Lastly, a process theory, which ‘focusses on how we make choices in respect to goals’ (Andrzej Hucynski, David Buchachan, 2013) that could be applied to Redgate, is that of Vroom’s Expectancy theory. Three concepts make the basis of the theory, which consist of the following; valence, instrumentality and expectancy. The motivation of Redgate’s employees can be achieved by having a set goal, which will be achieved through hard work; this is in relation to the expectancy basis of the theory in question. On completion of the goal, the employees will know that a reward awaits them, of which could be consisted of intrinsic factors, such as satisfaction of completing the work or extrinsic factors such as a bonus, this is in relation to instrumentality.

3.0 Conclusions

It is evident that the strong culture at Redgate clearly contributes to the success of the company. Motivation at the organisation is based highly on empowerment and employees are allowed to work without fear of punishment from management. Recruitment plays a huge part of the company’s success as the selection process is designed to recruit like-minded people who also believe in the company’s beliefs and values. The strength of the culture empowers employees to use their creativity and innovation to create amazing products.

The culture and motivation at Redgate are highly related and have close links. Without one or the other the organisation would not function in the same way. The business has adopted a unique way of operation and used it to their advantage to ship high class software. Motivation by means of empowerment is an integral part of Redgate’s structure, whereas their leadership is shared throughout the whole company. If the culture, motivation or empowerment were missing from the company, Redgate would not be a successful company.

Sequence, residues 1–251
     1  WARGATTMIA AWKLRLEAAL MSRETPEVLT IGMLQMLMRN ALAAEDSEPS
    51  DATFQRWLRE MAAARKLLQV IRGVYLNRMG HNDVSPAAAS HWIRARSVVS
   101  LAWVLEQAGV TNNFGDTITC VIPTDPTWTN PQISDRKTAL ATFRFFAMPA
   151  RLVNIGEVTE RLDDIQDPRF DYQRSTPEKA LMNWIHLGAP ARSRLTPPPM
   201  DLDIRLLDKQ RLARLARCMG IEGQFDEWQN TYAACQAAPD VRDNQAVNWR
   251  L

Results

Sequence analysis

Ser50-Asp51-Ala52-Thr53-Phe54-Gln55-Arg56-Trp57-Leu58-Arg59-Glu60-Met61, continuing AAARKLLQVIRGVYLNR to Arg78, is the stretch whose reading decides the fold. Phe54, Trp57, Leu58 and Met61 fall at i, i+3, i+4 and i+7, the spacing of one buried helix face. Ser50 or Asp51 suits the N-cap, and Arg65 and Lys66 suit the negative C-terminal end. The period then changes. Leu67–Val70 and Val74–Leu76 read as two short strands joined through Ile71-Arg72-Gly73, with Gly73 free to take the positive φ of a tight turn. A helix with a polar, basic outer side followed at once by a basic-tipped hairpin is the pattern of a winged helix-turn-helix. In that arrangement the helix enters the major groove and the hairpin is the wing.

4.0 References

Andrzej Hucynski, David Buchachan, 2013. Organisational Behaviour. In: s.l.:s.n., p. 114.

Andrzej Hucynski, David Buchachan, 2013. Organisational Behaviour. In: s.l.:s.n., p. 306.

Andrzej Hucynski, David Buchachan, 2013. Organizational Behaviour. In: s.l.:s.n., p. 120.

flatworldknowledge.com, n.d. [Online]

Available at: https://static.flatworldknowledge.com/sites/all/files/imagecache/book/28982/fwk-carpenter-fig08_004.jpg

[Accessed 11 April 2015].

investopedia, 2015. Corporate Culture. [Online]

Available at: http://www.investopedia.com/terms/c/corporate-culture.asp

[Accessed 9 May 2015].

Neil Davidson & Simon Galbraith, 2013. Redgate, in the words of the founders. [Online]

Available at: https://www.red-gate.com/our-company/

[Accessed 17 April 2015].

Redgate Ltd, 2012. Book of Redgate. Cambridge: s.n.

Redgate, 2015. Redgate- Benefits. [Online]

Available at: http://www.red-gate.com/our-company/careers/benefits

[Accessed 3 May 2015].

Robbins and Judge, 2012. Organisational Behavior. In: s.l.:s.n., p. 557.

Robbins, DeCenzo and Coulter, 2015. Fundamentals of Management, Global Edition p335. s.l.:s.n.

www.businessdictionary.com, 2015. Business Dictionary. [Online]

Available at: http://www.businessdictionary.com/definition/motivation.html

[Accessed 20 April 2015].

www.inc.com, 2011. Motivation = Empowerment. [Online]

Available at: http://www.inc.com/resources/leadership/articles/20070801/musselwhite.html